In addition, Denso, a supplier of Toyota Motors, plans to invest $350 million to acquire more than 10 percent stake in the new fab, becoming another minority stakeholder. Initially, SSS (Sony) had also provided $500 million to acquire a nearly 20 percent minority stake in the new plant, with TSMC holding the controlling share.

The joint venture with Denso, a component supplier to the world’s largest automotive manufacturer, would mean a long-term and stable supply of semiconductor chips for the Japanese auto industry.

Construction of the Japanese fab was scheduled to begin in 2022, with production starting by the end of 2024. The Japanese government plans to subsidize about half of the plant’s construction cost.

India

India’s Prime Minister Narendra Modi set up a 20-year vision to make India a global leader in the semiconductor industry, and in December, the Indian government announced a $10 billion incentive plan to attract semiconductors and display manufacturers to the country.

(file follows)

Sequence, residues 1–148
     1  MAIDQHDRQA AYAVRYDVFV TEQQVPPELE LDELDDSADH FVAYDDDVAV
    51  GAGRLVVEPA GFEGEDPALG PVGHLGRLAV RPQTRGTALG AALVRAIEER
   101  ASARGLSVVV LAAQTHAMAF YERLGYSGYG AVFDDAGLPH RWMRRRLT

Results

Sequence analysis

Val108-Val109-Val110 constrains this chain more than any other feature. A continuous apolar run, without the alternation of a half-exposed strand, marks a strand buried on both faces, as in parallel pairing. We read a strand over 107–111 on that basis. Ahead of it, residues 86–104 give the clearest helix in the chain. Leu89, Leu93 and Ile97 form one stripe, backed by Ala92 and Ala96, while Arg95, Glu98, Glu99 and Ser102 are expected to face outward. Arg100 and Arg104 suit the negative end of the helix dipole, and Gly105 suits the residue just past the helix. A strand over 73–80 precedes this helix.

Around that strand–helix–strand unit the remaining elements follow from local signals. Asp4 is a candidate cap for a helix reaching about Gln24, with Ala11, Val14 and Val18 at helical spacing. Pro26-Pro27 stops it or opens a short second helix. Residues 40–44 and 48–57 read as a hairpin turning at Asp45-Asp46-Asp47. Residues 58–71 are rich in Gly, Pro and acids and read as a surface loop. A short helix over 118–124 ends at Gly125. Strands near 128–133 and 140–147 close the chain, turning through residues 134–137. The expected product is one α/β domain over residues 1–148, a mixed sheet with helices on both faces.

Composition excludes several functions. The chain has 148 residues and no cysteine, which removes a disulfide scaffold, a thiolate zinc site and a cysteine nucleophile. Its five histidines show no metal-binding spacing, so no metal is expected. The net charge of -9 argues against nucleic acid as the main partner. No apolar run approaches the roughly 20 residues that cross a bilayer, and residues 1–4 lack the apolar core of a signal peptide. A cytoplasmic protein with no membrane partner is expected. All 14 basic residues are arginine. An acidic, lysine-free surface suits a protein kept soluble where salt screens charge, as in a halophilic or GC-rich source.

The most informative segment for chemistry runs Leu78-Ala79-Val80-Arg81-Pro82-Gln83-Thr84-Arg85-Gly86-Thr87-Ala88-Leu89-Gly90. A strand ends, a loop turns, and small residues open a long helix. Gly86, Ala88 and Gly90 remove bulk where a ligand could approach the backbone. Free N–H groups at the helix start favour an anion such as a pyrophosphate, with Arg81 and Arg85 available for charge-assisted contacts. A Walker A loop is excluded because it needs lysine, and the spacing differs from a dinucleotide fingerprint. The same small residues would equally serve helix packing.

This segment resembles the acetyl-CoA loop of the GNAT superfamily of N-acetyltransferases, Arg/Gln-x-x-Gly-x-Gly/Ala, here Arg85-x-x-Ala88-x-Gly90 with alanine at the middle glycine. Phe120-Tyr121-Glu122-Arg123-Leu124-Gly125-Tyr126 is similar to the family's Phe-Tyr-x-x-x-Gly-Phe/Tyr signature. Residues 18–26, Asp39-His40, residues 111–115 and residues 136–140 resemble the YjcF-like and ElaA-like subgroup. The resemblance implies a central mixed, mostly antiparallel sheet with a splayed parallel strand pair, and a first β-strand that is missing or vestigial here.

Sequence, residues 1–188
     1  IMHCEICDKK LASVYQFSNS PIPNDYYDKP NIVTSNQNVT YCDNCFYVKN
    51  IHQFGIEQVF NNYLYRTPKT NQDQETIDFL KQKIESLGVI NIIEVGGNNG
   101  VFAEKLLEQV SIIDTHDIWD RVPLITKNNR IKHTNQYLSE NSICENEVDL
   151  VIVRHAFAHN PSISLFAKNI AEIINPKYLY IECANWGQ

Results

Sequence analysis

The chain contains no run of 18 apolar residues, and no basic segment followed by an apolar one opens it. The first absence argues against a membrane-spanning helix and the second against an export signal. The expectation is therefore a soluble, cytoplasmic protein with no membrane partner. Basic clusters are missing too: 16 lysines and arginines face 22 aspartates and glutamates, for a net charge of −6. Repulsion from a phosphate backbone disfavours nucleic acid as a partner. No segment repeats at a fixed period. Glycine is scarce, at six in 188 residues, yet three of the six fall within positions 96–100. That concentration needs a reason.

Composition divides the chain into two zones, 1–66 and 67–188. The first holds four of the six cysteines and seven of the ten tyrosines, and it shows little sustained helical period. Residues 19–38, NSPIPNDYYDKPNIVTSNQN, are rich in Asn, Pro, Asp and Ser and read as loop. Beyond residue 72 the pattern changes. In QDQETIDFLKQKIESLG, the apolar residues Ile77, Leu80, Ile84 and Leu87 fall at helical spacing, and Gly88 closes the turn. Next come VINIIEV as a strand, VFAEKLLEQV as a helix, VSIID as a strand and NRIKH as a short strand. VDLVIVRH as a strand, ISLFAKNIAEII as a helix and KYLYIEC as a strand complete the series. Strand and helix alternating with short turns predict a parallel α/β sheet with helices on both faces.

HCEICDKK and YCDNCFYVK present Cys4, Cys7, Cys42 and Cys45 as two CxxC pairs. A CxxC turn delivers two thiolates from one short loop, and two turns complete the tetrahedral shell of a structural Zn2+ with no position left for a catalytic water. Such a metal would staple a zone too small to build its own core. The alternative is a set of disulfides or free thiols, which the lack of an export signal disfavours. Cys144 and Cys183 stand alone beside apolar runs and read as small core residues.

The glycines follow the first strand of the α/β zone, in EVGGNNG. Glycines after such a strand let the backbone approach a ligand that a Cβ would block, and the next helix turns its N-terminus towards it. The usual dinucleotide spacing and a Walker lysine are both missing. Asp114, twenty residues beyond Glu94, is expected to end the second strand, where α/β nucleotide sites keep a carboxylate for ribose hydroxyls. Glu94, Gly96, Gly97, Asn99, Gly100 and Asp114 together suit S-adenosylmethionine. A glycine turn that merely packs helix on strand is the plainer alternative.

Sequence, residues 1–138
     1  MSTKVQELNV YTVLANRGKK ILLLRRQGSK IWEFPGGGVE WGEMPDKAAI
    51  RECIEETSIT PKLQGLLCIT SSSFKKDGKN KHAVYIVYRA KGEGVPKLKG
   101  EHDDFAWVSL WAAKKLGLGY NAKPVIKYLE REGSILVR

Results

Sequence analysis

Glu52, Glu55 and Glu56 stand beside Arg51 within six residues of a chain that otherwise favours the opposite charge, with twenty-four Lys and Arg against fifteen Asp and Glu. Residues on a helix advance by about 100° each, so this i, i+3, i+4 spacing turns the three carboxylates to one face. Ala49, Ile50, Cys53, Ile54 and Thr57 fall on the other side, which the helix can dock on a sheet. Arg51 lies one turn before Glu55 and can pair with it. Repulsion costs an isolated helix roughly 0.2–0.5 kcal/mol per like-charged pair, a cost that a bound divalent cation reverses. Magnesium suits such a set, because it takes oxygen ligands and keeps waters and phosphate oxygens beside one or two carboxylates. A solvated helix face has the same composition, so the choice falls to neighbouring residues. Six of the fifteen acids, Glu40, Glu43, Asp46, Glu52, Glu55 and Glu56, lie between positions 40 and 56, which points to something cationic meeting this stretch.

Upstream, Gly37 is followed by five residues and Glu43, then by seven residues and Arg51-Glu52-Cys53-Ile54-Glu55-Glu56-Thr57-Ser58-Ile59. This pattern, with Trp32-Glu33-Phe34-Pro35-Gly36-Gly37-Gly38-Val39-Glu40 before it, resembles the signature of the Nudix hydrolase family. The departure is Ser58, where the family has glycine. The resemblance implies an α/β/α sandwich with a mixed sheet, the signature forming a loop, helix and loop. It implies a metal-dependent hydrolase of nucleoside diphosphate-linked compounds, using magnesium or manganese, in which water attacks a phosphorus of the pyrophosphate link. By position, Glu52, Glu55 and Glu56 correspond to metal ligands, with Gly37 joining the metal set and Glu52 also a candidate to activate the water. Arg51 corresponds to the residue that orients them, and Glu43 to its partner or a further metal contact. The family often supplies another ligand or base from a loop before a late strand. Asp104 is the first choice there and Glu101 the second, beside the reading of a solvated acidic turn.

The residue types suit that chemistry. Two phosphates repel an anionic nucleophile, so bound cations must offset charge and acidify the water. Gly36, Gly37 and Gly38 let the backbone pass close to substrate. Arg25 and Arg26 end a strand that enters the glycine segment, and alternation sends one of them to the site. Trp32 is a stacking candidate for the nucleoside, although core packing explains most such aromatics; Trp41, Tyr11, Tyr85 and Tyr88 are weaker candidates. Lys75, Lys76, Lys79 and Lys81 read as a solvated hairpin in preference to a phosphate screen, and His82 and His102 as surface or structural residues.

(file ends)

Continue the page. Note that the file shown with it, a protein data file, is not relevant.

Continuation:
In a bid to boost the country’s semiconductor ecosystem, its senior officials are reportedly trying to rope in top chipmakers such as TSMC, Intel, AMD, United Microelectronics Corporation (UMC), and Fujitsu, according to The Times of India. Experts in India estimate that more than a dozen chipmakers will set up factories in India in the coming two to three years.

China

The first country to invite TSMC onboard was China. In 2004, the Taiwanese government gave the green light for TSMC to relocate its “low-tech” eight-inch wafer facilities to Shanghai, which later became TSMC’s first fab in China.

In December 2015, Beijing persuaded TSMC to set up a 12-inch wafer fab in Nanjing, China. The factory was based on the 12 nm and 16 nm processes—considered advanced at the time—and was completed in October 2018.

However, the Trump administration placed Huawei on a trade blacklist in May 2019 over national security concerns, adding SMIC in December 2020 for the company’s alleged links to the Chinese military.

The U.S. sanctions barred China from importing the most advanced chip-making tools. As a result, TSMC’s Nanjing plant’s production capability was significantly reduced, diminishing its supply to Chinese industries.

Views expressed in this article are the opinions of the author and do not necessarily reflect the views of The Epoch Times.


Follow

Anne Zhang is a writer for The Epoch Times with a focus on China-related topics. She began writing for the Chinese-language edition in 2014.